by Charlotte Levine Gruber
Ten years ago I began my writing journey. Crime fiction is my genre of choice, so it was no surprise to me when my emerging story headed down the dark path.
|The Self + The Path by Hartwig HKD|
When I approached the soggy middle, I joined a local writers group. The speaker that day was a creative writing professor who said, “Write what you know.”
I thumbed through my pages (yes, a hard copy).
- My protagonist was a single dad with two teenagers.
- Another POV character was a teenage thug. Also male.
- I had no real clue how they fit together.
I went to the writers group a few more times and learned how to punctuate dialogue, but pretty much didn’t know how to fix my project. I began another story, and this time I followed the professor’s advice and wrote what I know. But of course, what I know isn’t really that interesting. I have an MBA and worked in bankruptcy. But I filled pages and pages of bankruptcy information.
Good thing I have beta readers and critique partners making snarky comments. Even my sister confessed to skipping those blocks of text.
Now I’ve been writing long enough to question that first visiting professor. He may have been talking about beginning writers, or, gasp, perhaps I misunderstood.
|The Boy Who Lived by Beth|
Is JK Rowling the boy who lived?
Stephanie Meyers in love with a vampire?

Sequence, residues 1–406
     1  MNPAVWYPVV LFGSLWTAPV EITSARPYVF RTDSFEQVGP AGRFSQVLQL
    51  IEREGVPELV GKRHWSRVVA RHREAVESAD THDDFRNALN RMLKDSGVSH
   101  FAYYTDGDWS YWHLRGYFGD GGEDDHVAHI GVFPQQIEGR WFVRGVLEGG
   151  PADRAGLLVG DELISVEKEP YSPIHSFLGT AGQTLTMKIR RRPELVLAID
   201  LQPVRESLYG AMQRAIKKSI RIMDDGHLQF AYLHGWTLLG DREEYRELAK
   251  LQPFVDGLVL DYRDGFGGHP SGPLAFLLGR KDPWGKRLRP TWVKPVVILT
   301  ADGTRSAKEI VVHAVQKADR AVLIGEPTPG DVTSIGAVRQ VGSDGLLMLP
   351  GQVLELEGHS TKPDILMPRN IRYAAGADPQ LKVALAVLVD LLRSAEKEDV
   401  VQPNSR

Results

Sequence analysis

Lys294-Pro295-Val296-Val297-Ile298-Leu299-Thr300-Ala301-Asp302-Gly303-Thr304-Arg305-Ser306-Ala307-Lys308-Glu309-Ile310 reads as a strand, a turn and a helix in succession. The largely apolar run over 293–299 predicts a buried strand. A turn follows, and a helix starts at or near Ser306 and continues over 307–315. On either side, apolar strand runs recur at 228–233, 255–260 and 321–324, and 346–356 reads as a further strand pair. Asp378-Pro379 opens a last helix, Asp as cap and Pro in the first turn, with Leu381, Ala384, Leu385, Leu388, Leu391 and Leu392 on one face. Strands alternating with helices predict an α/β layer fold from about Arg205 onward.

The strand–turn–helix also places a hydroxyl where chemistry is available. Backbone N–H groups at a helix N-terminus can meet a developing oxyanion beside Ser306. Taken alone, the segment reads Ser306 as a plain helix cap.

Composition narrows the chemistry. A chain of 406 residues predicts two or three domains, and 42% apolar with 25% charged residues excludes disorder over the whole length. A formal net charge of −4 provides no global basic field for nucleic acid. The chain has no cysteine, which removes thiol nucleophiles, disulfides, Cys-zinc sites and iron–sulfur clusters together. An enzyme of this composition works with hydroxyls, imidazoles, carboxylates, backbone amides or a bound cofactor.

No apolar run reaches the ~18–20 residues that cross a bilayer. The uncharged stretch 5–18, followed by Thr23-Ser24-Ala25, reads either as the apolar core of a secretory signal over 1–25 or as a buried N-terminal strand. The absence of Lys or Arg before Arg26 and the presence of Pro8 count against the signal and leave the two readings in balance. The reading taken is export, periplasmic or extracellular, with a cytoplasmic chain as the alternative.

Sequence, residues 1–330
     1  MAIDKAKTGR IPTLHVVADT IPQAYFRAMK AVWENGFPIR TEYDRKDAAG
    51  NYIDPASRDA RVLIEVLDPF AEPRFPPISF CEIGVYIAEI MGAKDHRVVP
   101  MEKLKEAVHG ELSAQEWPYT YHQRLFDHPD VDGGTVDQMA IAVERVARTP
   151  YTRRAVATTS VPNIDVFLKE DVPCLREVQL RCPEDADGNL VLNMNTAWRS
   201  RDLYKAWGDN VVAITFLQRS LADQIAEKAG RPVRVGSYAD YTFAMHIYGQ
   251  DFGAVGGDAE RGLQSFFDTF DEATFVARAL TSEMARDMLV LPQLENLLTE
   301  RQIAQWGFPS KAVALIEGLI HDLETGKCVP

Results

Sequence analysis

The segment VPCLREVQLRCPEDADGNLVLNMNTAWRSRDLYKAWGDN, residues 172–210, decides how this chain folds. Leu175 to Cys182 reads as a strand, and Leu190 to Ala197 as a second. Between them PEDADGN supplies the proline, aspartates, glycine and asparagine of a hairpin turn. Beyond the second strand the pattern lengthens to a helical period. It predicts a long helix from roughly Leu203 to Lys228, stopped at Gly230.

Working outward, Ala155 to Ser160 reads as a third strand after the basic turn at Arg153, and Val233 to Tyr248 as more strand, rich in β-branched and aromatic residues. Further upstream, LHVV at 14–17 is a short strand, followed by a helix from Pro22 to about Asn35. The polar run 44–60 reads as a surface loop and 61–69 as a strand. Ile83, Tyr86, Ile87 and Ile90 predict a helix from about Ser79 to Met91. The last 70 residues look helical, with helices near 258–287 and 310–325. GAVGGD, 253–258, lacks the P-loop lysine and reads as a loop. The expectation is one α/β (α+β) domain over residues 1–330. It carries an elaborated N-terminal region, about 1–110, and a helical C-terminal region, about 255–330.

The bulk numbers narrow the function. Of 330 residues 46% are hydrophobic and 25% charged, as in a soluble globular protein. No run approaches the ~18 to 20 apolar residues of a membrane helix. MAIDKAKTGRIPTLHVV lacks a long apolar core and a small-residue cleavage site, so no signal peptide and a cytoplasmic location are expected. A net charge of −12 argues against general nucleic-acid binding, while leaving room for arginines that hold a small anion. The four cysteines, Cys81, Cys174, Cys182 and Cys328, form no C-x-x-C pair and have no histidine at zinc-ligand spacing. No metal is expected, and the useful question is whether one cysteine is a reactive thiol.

Or EL James… well…let’s not go there.
The Creative Writing Director at Harvard University, Bret Anthony Johnson, argues against writing what you know. He states;
“For me, it’s the difference between fiction that matters only to those who know the author and fiction that, well, matters.”
Read Johnston’s article—it’s enlightening.
As a genre fiction junkie, I often feel that literary works put out by Iowa graduates are beautiful and memorable but I still prefer Janet Evanovich or Stephen King.
Even so, I happen to agree with Johnston. Writing what you know is not the same as knowing what you write. Research is key, as is transporting yourself to the page. Or more specifically, transferring your emotions to your character, or learning to see the world through their eyes.
|Photo by Dawn Ellner|
I shelved that first manuscript. In a rewrite of my second project, CODE OF SILENCE, Hank Phillippi Ryan told me, “It’s not enough to describe this scene. You have to BE Andrea.”
Of course, Hank is right. Seeing the world through your character’s eyes allows your reader to do the same. Engaged readers don’t want to put the book down.
So write what you know how to feel.
But the rest? Make it up. And have fun doing it. At a writers' convention Jonathan Mayberry bragged that he got to go to work everyday in his pretend world with his pretend friends.
And what could be better than that?